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Which is a better nucleophile, among halides ions ( fluoride, Chloride, bromide and iodide)? and Why?

Nucleophilicity of an nucleophilic depends upon nature of solvent, for example:
(1) I⁻ is a better nucleophile than F⁻ in polar protic solvents.

(2) F⁻ is a better nucleophile than Br⁻ in polar aprotic solvents.

We know that a protic solvent has an H atom bound to more electronegative elements like F, O or N. It can use its H atom to formed H-bonding with a nucleophile. Which accumulate around nucleophilic and creates a shell around the nucleophile. So that it becomes more difficult to attack the positive carbon bearing the leaving group.

F⁻ is a small ion with a high charge density. It is tightly solvated.

I⁻ is a large ion with a low charge density. It is loosely solvated. There are only a few solvent molecules to push out of the way.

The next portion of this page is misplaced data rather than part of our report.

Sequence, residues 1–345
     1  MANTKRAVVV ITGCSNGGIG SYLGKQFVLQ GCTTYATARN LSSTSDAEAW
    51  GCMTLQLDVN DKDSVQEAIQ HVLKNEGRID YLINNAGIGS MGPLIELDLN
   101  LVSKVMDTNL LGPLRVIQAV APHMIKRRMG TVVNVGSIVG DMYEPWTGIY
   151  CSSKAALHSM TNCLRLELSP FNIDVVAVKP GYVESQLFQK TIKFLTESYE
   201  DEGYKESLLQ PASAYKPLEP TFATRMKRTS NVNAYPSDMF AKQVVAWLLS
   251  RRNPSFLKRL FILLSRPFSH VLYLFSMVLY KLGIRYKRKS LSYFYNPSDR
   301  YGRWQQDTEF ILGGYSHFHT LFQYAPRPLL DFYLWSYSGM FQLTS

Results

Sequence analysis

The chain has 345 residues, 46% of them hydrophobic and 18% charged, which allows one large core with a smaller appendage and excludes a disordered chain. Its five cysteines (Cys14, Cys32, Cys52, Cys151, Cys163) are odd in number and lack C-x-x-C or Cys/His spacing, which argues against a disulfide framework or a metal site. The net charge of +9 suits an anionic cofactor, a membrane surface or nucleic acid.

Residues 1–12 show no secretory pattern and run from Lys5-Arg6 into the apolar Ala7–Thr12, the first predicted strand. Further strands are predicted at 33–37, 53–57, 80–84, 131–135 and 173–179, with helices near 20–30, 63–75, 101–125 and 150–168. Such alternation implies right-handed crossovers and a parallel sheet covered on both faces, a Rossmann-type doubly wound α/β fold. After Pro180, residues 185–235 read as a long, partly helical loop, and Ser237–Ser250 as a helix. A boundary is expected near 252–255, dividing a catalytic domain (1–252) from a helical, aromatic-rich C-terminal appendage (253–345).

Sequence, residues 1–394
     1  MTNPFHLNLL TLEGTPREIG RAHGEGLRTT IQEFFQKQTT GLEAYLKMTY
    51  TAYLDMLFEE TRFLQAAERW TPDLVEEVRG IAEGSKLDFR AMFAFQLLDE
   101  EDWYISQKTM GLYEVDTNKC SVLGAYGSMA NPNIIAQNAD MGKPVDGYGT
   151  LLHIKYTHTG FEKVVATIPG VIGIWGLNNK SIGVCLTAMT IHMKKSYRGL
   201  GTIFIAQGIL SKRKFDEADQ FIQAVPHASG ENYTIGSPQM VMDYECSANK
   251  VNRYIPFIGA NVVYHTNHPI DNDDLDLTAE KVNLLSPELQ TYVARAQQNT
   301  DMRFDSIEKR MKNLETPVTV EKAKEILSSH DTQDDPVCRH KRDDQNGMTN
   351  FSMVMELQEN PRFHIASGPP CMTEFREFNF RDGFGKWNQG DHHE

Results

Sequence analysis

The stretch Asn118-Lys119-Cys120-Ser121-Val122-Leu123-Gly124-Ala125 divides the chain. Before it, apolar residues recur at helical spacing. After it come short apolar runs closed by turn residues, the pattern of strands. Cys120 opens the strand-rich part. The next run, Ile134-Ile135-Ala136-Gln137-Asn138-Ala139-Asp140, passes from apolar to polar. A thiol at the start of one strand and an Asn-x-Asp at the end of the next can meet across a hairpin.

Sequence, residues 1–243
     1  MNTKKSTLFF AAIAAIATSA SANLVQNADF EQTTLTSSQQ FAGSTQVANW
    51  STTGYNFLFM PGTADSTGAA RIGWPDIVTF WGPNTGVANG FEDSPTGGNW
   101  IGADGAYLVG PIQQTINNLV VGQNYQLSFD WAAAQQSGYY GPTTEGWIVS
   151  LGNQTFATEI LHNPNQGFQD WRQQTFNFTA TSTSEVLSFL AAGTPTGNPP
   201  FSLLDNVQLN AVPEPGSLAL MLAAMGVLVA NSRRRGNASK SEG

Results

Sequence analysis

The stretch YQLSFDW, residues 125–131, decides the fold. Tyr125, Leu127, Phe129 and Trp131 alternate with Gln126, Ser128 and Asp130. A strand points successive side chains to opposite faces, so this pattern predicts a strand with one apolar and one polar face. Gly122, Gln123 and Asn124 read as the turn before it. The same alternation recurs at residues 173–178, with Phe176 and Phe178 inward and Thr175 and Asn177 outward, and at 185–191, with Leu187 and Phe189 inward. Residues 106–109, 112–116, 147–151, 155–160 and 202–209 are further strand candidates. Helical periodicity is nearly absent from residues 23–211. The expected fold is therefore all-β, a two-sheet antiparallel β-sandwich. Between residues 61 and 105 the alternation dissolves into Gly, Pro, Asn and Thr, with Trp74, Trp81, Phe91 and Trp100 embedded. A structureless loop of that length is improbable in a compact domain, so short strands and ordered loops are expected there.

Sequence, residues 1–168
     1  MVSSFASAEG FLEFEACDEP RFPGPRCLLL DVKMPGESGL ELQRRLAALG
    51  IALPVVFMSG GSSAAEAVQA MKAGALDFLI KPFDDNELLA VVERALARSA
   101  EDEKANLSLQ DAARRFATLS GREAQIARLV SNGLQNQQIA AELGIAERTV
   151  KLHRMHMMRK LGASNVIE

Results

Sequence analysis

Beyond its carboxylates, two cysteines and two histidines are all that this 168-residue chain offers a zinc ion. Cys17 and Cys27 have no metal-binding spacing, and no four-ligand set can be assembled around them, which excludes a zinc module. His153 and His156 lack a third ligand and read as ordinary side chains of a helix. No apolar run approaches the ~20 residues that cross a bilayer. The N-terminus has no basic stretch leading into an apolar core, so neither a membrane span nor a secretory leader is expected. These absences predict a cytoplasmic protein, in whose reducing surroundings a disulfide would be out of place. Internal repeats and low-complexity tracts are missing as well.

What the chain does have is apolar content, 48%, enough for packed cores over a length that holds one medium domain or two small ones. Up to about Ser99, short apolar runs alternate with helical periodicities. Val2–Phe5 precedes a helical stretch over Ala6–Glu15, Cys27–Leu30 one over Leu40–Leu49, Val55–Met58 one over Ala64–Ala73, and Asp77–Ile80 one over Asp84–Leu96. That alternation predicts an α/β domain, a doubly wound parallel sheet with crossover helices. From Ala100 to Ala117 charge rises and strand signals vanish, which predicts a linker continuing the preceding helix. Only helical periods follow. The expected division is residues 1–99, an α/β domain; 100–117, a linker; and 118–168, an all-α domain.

Hence over all order of nucleophilicity in polar protic solvents is given as :

        [ I⁻ > Br⁻ > Cl⁻ > F⁻ ]

We know that a polar aprotic solvent does not have a hydrogen atom that can formed hydrogen bond.

But in all of them, the negative ends of the dipoles directedaway from the molecule. So that It is easy for them to solvate cations.

The positive ends of the dipoles are closer to the middle of the molecule. It is difficult for them to get close to the anions.

As the result the nucleophile has few molecules in its solvent shell. The nucleophile can more easily attack on positive carbon (electrophilic center).

Hence F⁻ becomes a much better nucleophile than chloride, 

Hence over all order of nucleophilicity in polar aprotic solvents is just reverse of that given in polar protic solvent :

        [ F⁻ > Cl⁻ > Br⁻ > I⁻ ]


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